Stainless steels generally contain between 10-20% chrom […]
Stainless steels generally contain between 10-20% chromium as the main alloying element and are valued for high corrosion resistance. With over 11% chromium, steel is about 200 times more resistant to corrosion than mild steel.
These steels can be divided into three groups based on their crystalline structure:
Austenitic: Austenitic steels are non-magnetic and non-heat-treatable, and generally contain 18% chromium, 8% nickel and less than 0.8% carbon. Austenitic steels form the largest portion of the global stainless steel market and are often used in food processing equipment, kitchen utensils, and piping.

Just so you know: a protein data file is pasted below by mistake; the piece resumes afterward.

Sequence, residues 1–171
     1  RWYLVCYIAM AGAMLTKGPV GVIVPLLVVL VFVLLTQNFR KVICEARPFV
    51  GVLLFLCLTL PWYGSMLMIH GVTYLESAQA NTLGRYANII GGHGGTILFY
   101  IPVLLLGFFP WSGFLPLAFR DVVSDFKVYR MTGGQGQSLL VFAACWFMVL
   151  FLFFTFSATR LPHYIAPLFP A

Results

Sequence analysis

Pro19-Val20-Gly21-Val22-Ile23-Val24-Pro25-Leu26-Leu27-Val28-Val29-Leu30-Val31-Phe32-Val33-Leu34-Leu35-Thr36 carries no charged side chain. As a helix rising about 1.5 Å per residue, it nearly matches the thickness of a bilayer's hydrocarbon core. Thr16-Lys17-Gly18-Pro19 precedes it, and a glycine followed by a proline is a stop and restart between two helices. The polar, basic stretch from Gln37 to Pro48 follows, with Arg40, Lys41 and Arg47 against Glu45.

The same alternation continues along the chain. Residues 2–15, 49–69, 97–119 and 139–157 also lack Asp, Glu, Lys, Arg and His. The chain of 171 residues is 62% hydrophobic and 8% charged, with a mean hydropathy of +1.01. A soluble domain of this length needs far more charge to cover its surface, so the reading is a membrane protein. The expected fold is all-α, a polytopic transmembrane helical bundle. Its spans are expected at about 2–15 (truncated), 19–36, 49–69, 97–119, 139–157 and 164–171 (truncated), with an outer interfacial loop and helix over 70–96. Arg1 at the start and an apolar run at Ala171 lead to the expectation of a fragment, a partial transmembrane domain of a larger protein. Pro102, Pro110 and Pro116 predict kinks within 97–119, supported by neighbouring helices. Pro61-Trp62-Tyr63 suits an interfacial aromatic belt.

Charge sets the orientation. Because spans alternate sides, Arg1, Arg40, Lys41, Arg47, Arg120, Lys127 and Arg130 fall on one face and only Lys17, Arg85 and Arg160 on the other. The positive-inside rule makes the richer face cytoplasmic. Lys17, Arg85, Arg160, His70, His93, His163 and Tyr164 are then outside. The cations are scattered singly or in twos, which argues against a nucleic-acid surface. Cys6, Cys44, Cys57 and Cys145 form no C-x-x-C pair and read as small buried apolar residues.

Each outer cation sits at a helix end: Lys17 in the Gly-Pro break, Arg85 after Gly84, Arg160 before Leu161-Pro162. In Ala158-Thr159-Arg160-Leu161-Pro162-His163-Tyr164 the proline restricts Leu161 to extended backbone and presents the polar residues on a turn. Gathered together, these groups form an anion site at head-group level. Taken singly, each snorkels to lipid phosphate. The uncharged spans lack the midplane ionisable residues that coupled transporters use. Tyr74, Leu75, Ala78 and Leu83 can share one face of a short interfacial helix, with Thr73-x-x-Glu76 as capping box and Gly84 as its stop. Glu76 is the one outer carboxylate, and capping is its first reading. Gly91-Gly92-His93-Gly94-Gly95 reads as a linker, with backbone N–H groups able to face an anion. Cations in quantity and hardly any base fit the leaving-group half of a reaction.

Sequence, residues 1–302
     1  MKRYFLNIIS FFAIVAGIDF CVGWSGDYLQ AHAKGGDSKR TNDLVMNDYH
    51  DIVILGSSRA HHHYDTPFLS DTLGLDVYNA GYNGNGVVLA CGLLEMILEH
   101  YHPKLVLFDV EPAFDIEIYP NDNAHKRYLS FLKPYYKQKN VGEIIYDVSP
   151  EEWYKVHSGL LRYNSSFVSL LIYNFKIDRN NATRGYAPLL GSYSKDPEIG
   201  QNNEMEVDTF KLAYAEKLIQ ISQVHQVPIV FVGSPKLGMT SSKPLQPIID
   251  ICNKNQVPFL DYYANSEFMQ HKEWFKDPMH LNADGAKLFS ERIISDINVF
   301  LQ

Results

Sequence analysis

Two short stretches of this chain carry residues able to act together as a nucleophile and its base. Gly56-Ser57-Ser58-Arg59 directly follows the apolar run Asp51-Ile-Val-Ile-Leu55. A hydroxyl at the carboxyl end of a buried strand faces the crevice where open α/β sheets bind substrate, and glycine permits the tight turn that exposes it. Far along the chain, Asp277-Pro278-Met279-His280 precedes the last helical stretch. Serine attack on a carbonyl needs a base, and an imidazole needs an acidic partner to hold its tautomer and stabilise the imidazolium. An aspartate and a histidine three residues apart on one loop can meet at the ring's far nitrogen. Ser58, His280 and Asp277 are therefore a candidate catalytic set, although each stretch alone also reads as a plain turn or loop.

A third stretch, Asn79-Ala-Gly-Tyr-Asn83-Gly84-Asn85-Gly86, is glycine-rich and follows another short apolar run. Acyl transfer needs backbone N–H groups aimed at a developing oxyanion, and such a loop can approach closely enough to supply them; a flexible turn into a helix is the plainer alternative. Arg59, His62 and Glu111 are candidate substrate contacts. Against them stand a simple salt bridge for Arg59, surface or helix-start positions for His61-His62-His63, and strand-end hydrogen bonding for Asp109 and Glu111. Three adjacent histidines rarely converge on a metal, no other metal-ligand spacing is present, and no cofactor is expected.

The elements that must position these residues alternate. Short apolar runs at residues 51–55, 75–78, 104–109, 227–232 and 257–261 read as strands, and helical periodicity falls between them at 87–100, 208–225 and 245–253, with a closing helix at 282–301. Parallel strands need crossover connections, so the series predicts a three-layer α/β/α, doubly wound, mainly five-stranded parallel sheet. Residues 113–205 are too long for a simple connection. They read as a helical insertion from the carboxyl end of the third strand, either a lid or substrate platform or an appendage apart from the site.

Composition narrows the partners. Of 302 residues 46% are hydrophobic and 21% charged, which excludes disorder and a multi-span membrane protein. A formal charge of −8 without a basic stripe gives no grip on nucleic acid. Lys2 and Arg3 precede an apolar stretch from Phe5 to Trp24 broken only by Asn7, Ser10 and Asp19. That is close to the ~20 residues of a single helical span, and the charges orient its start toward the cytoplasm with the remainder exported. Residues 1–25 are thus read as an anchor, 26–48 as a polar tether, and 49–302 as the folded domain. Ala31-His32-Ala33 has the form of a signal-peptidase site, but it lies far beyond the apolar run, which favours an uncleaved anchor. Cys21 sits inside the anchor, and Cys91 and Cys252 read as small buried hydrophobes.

Ferritic: Ferritic steels contain trace amounts of nickel, 12-17% chromium, less than 0.1% carbon, along with other alloying elements, such as molybdenum, aluminum or titanium. These magnetic steels cannot be hardened by heat treatment but can be strengthened by cold working.
Martensitic: Martensitic steels contain 11-17% chromium, less than 0.4% nickel, and up to 1.2% carbon. These magnetic and heat-treatable steels are used in knives, cutting tools, as well as dental and surgical equipment.